'It's a great personal sadness to me,' Jasper Conran, one of the designers stocked by Harvey Nichols, remarked. 'When it comes to buyers, she has to come in my top three.'
Ms Verdan, 39, was responsible for a multi-million pound budget and had, until this week, one of the most influential and sought-after jobs in British fashion. Designers might dictate the looks and fashion editors highlight the trends, but Ms Verdan, as one of the powerful clique of London's buyers, actually decided what the rich, stylish woman could buy.
She reigned over a glamorous kingdom which included all the fashion greats: Rifat Ozbek, Dolce e Gabbana, Calvin Klein and Donna Karan were just a few of the designers that Ms Verdan championed in her nine years as fashion director.
Mary Portas, marketing director of Harvey Nichols, said: 'We are restructuring and Amanda has left the business. She will continue to work for us on a consultancy basis.' There are no plans to replace her: buyers will now report directly to the managing director.
Such was Ms Verdan's influence that London's fashion aficionados found the news a shock. Annette Worsley-Taylor, director of the London Designer Collections (the body which organises London Fashion Week), admitted to being puzzled. 'I think for a store that wants to be number one in London not to have a fashion director is a little odd,' she said. 'I can only think that they must be rethinking the fashion direction of the store - no one could do what she has done any better.'
But these have been tricky times for Harvey Nichols - its reputation as London's 'in' store has never quite managed to deliver equally impressive profits. Bought for pounds 53.7m from the Burton Group in 1991 by the young Hong Kong-based entrepreneur, Dickson Poon, there were soon signs that all was not well.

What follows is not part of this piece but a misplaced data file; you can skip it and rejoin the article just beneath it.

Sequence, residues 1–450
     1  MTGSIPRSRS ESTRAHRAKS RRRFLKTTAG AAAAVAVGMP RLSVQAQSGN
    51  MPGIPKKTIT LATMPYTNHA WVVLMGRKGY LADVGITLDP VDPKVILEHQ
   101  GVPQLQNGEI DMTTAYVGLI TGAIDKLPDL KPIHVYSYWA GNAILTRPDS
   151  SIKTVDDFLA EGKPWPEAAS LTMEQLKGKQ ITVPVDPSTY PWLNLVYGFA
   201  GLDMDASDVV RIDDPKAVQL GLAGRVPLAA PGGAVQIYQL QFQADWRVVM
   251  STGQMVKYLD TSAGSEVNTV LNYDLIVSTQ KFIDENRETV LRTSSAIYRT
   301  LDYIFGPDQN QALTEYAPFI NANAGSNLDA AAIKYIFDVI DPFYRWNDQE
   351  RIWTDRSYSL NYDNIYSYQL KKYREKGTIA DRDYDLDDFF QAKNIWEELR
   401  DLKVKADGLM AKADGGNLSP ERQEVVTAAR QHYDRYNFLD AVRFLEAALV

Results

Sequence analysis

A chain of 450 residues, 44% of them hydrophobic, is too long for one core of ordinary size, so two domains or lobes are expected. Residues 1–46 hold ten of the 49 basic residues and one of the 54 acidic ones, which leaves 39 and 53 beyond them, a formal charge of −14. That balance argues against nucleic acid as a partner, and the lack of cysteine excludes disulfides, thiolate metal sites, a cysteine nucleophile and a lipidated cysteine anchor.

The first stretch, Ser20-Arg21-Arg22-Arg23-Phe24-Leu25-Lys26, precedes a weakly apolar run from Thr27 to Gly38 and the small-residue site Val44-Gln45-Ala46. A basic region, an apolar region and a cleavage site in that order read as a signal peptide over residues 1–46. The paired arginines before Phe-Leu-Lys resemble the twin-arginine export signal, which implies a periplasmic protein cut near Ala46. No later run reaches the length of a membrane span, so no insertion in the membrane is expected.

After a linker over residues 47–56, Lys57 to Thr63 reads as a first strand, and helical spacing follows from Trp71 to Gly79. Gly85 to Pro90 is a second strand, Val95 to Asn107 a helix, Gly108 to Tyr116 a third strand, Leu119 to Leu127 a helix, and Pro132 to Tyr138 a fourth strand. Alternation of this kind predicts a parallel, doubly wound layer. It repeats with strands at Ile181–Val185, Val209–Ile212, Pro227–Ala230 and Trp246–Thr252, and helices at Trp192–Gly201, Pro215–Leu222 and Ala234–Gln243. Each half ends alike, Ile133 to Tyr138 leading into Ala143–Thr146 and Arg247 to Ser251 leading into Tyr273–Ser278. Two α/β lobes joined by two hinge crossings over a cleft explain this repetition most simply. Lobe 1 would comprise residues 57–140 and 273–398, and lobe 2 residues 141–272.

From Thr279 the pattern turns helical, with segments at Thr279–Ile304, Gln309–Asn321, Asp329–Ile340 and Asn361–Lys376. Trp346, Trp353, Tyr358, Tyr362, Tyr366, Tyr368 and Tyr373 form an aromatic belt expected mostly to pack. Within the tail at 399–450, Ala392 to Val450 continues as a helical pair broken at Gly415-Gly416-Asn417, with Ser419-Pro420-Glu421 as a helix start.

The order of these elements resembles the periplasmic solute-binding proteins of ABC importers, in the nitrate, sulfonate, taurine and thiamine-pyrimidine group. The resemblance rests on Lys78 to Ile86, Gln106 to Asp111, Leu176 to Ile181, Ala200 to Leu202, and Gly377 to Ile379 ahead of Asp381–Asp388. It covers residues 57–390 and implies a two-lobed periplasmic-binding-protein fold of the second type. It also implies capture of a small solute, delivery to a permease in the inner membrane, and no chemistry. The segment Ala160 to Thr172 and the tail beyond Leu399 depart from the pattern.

In August 1992, Poon asked for a refund in a controversy over the valuation of Harvey Nichols's assets. Then Richard Maney, the popular American managing director was replaced by Joseph Wan, the group finance director of the Hong Kong parent company, Dickson Concepts. It seemed clear that Poon was not going to be patient in getting returns for his investment.
There is some speculation as to whether Ms Verdan's departure was due to a clash of personalities. 'She's very much the grande dame,' said a former colleague, who preferred not to be named.
Poon has made no secret that he wants the store to remain upmarket. There are also rumours about a move into Europe. But without a fashion director to co-ordinate the direction and buying of the store, the only way this seems viable is to turn it into a version of Bergdorf Goodman in New York. 'It will just be all designer concessions,' one observer remarked.
Ms Verdan was not taking calls yesterday. But her friends said her future was assured: 'Hey, she ain't dead,' Jasper Conran quipped. 'For that woman, the world is her oyster.'
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